More Info on Homeowners Associations and Insurance

by Connie Yoshimura

Homeowners’ Associations come in all shapes and sizes from single family communities to stacked condos but they all have one thing in common and that is they are governed by a Board of Directors. The board has the ability to change the number of pets an owner is allowed to have; fine owners for lack of dues payments; supervise tree cutting and in general make life pleasant or miserable for the residents it governs. More importantly, the board, with the assistance of an association manager, establishes budgets and reserves so that the association, which is a non-profit corporation or LLC, has adequate funds to manage its financial responsibilities to its owners.

One aspect of financial management is adequate insurance. Homeowners need to understand what is covered under the various insurance policies available. The declaration will clearly state who or what entity is responsible for road maintenance and replacement, water and sewer pipes and the building structures. For example, in a site condo association, the building insurance is the responsibility of the unit owner because the unit is enveloped in an air space so that it functions, for insurance purposes, like a single family home and also reduces monthly dues. The HO-6 policy covers personal belongings or, in other words, anything that is not a fixture. Just turn the unit upside down and shake it. Anything that falls to the floor should be covered. Again, that portion of the policy is similar to a homeowner’s policy for a fee simple home. However, if you have upgraded your appliances because you couldn’t live without a Viking five burner stove or even upgraded the pad under your carpeting, you need to tell the insurance agent or otherwise they will assume a builder grade and you could end up under insured.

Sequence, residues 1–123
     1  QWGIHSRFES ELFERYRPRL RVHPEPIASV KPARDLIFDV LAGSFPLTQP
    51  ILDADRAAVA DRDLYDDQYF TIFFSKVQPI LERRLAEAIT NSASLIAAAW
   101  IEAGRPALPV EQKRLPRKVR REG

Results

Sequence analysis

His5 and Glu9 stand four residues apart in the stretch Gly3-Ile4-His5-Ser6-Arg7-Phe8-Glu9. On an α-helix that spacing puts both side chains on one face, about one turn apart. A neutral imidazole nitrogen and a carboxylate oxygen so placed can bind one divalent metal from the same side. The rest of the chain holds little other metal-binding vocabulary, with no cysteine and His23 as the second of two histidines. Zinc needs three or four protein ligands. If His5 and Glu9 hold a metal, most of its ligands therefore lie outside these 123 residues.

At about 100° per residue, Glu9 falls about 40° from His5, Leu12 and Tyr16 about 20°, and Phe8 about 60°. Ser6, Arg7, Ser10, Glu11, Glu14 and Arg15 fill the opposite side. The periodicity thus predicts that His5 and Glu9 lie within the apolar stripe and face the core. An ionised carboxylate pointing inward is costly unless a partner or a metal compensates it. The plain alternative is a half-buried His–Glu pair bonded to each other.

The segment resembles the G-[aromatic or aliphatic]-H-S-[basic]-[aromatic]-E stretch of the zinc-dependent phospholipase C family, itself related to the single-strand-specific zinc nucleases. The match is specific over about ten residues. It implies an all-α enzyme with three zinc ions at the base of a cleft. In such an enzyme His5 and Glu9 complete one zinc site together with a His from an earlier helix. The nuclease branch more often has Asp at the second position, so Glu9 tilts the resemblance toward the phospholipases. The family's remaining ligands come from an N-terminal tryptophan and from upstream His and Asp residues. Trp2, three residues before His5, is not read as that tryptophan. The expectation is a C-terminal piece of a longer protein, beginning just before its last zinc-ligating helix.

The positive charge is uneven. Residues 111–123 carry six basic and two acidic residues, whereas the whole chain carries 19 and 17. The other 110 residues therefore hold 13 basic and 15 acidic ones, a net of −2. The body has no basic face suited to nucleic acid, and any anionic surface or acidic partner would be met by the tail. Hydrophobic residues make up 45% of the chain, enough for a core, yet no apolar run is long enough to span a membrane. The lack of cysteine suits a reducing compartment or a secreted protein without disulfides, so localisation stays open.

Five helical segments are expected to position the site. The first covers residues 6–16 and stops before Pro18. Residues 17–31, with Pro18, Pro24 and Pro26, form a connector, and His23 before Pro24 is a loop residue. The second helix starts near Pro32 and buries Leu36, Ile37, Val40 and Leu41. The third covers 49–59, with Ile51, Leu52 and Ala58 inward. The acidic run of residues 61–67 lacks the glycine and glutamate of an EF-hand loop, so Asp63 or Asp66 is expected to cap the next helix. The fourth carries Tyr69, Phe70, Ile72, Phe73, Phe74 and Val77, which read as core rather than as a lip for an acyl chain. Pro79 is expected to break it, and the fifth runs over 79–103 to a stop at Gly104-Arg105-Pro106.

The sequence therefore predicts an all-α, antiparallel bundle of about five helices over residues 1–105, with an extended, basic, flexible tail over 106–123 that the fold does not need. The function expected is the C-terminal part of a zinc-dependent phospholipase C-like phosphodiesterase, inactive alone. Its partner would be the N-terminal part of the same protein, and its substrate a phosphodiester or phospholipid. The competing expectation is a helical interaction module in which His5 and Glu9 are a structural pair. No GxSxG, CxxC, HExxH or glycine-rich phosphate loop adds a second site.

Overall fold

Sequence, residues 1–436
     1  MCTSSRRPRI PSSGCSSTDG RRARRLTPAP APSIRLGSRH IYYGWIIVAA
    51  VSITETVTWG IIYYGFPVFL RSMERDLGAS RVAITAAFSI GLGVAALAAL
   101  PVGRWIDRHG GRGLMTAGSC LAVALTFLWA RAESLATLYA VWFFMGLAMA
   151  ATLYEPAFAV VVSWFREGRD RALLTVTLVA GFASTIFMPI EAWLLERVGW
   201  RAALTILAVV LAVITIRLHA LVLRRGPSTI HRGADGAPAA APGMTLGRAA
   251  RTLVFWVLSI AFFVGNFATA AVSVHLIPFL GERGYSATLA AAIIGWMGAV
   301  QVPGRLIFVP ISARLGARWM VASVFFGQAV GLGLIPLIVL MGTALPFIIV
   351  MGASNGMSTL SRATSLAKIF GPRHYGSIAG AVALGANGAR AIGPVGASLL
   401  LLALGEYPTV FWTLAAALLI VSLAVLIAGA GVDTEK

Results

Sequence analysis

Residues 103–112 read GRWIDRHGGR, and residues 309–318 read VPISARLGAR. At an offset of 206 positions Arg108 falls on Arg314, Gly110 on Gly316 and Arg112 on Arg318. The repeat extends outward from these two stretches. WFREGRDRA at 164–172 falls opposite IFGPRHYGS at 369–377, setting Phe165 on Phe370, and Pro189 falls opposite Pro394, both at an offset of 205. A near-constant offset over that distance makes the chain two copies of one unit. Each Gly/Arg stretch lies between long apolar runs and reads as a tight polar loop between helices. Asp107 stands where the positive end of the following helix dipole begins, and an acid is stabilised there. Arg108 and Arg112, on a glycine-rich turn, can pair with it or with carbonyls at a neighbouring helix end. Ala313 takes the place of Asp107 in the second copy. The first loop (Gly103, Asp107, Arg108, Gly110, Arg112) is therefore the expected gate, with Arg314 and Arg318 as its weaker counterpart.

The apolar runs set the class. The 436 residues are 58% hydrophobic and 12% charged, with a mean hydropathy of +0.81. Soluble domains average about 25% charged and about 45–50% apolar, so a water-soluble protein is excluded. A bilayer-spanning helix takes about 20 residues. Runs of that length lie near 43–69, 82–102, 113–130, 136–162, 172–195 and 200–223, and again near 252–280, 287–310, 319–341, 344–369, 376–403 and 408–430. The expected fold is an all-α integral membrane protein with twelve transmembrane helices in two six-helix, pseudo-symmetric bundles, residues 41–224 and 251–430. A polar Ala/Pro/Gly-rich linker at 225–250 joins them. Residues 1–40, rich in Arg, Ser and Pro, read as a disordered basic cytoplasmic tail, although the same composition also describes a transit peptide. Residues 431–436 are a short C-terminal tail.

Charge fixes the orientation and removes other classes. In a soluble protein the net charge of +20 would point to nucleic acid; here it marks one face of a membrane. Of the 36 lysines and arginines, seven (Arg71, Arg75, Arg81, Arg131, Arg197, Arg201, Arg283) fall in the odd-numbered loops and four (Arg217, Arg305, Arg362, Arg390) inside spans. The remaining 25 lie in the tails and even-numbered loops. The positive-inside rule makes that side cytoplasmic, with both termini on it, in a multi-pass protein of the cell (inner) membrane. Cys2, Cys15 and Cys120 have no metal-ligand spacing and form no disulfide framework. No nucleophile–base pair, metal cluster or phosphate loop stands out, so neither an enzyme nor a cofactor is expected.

You should also ask your insurance agent for a special assessment rider which covers any special assessments that may be assessed against the unit. The policy limit for that is usually $2,000 with a deductible of some amount. However, it is a real savings to the unit owner, particularly if you are buying into an older condo development which may or may not have adequate reserves for painting and roof repairs, two of the most common special assessments. Any condo buyer should not only examine the association’s budget and reserve amounts but they should also read the last six months of minutes from the board meetings where they will discuss any potential pending assessments. For many buyers, condo living where someone else manages the physical structure, grounds and pays the utility bills is a welcome respite from the hassle of every day life. However, it gets complicated if the board becomes power hungry and overly rigid in its demands. The board’s primary responsibility should be sound financial management. Overly restrictive actions and lack of financial stability can ultimately have a negative effect on property values.

Test Your Market Knowledge

by Connie Yoshimura